Tracking Social Media Marketing

Many businesses are now using social media services such as Twitter for marketing. It can be a great tool for reaching a wide user base but I wonder how many businesses really know what is being said about them on social networks. It seems to me that if someone wants to use a tool like Twitter for marketing they need to have a way to monitor what sort of response their marketing efforts are generating. Business owners wouldn’t dream of spending time, effort and money on any other form of marketing without knowing what sort of response is being generated.

Thankfully all of the main social networks provide web service API’s and using these it’s possible to track just about any metric that you would like. As an example I’ve put together a short (about 100 lines including some nice formatting and comments) script that carries out a search on Twitter, using the Twitter search API, and then extracts keywords from each tweet returned, using the Yahoo term extraction API. The results are sent to the user as a CSV file containing columns with the date the tweet was posted, the author, the tweet text and the keywords extracted for that tweet. Popular keywords are then presented at the bottom of the file. This is by no means production ready code but is really a quick and dirty test to show the kind of thing that is possible. Here’s a brief look at how it works.


require 'termExtractor.php';

try {
 //Perform the initial search on Twitter. Also set the number of tweets to return as the maximum allowed per page (100)
 $search = '"Demo Camp Guelph" OR #dcg';
 $query  = http_build_query(array (
 'q'     => $search,
 'lang'  => 'en',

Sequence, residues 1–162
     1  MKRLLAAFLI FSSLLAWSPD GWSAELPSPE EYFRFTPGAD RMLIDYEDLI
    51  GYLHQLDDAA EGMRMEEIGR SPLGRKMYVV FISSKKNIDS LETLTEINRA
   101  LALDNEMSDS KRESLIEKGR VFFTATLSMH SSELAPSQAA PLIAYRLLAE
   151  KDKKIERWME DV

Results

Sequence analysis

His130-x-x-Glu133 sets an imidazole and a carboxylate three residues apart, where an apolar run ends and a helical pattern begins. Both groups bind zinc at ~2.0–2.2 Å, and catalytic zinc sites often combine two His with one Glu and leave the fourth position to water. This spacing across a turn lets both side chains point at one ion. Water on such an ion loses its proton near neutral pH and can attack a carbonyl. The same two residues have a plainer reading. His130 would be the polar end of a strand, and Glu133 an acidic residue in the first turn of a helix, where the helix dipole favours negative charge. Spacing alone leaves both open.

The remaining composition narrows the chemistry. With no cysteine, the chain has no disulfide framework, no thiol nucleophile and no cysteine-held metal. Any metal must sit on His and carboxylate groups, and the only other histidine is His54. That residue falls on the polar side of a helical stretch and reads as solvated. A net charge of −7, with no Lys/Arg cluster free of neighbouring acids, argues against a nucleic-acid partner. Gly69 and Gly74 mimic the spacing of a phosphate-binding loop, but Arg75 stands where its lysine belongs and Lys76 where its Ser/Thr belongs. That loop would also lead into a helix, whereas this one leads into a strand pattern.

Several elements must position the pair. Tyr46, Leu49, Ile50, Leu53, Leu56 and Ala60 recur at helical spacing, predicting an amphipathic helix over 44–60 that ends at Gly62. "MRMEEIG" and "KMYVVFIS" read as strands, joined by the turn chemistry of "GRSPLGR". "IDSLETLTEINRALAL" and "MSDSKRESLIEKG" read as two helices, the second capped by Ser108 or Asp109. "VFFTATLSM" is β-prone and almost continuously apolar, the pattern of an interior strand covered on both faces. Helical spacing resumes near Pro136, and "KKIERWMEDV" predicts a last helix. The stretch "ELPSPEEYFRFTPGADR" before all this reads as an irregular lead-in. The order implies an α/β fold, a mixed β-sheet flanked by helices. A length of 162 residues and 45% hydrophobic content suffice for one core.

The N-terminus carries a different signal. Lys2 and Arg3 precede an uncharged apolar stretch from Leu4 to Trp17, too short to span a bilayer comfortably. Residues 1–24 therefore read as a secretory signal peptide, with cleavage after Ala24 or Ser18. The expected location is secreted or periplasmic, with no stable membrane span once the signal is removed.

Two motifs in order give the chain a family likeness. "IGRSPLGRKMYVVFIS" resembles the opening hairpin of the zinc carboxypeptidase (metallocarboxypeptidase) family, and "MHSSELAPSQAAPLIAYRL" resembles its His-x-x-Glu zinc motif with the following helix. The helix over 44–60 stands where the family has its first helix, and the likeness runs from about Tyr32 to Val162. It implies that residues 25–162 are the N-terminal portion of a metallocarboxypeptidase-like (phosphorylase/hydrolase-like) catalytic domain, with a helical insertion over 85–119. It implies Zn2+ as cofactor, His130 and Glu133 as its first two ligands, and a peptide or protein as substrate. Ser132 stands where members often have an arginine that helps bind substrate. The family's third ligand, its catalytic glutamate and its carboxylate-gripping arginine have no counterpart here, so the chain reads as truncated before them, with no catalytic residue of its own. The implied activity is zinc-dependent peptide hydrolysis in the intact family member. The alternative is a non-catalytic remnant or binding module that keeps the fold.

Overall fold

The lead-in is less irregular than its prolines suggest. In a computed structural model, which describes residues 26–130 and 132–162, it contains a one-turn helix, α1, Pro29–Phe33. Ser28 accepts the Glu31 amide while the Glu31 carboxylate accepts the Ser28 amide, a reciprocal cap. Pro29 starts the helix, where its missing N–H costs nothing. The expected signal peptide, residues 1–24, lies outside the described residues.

'rpp'   => 100,
 'since' => date('Y-m-d', strtotime('5 days ago'))
 ));
 $url    = 'http://search.twitter.com/search.json?';
 $ch     = curl_init($url . $query);
 curl_setopt($ch, CURLOPT_RETURNTRANSFER, true);
 $tweets = json_decode(curl_exec($ch));

The beginning of the script includes a class that I wrote to handle working with the Yahoo term extraction API. It then sets up a few variables and carries out an initial search using the Twitter API. I’ve chosen as my search query text relating to a meeting of developers that took place in Guelph last week. Documentation on the Twitter search API is pretty good and includes information on the format of the search terms, including modifiers that are allowed. My search looks for any tweets posted in the last five days with the text ‘Demo Camp Guelph’ or the hashtag ‘#dcg’. It also sets the number of results to return to 100. This is the maximum number that can be returned from a request but Twitter provides a mechanism whereby searches with more than 100 results can be paged over.


//Open the PHP output as a file handle
 $output = fopen('php://output', 'w');
 if (!$output)
 throw new Exception('Unable to bind PHP output as a file handle');
 //Set headers to tell the browser a csv attachement is coming. Also set cache control to no-cache to ensure browser does not cache the results file.
 header ('Content-Type: application/csv');
 header ('Content-Disposition: attachment; filename="Twitter_Search.csv"');
 header ('Cache-Control: no-cache, must-revalidate');
 //Add headings for the columns
 fputcsv($output, array (
 'Posted On',
 'Author',
 'Tweet',
 'Keywords'
 ));
 if (!isset($tweets->results) || !count($tweets->results)) {
 //No search results. Output an error message and exit
 fputcsv($output, array('Sorry, there are no results that match that search'));
 curl_close ($ch);
 fclose ($output);
 exit;
 }

This code binds the output of the script to a file handle, allowing me to present the output of the script as a file to the browser. HTTP headers are also set to tell the browser to expect a csv file and that it should be treated as an attachment. Some headings for columns are then written and if there are no search results the script outputs a message and exits.


//Set up the termExtractor object, an array to hold the keywords results and a flag to show that we're in the first iteration of the do while loop
 $keys = new termExtractor(YAHOO_API_KEY);
 $keywords_array = array();
 $first = true;
 //Loop over the results
 do {
 if (!$first) {
 //Break the query string for the next page into its' parts. Use substr() to remove the initial ?
 parse_str (substr($tweets->next_page, 1));
 $query = http_build_query(array (
 'q'      => $q,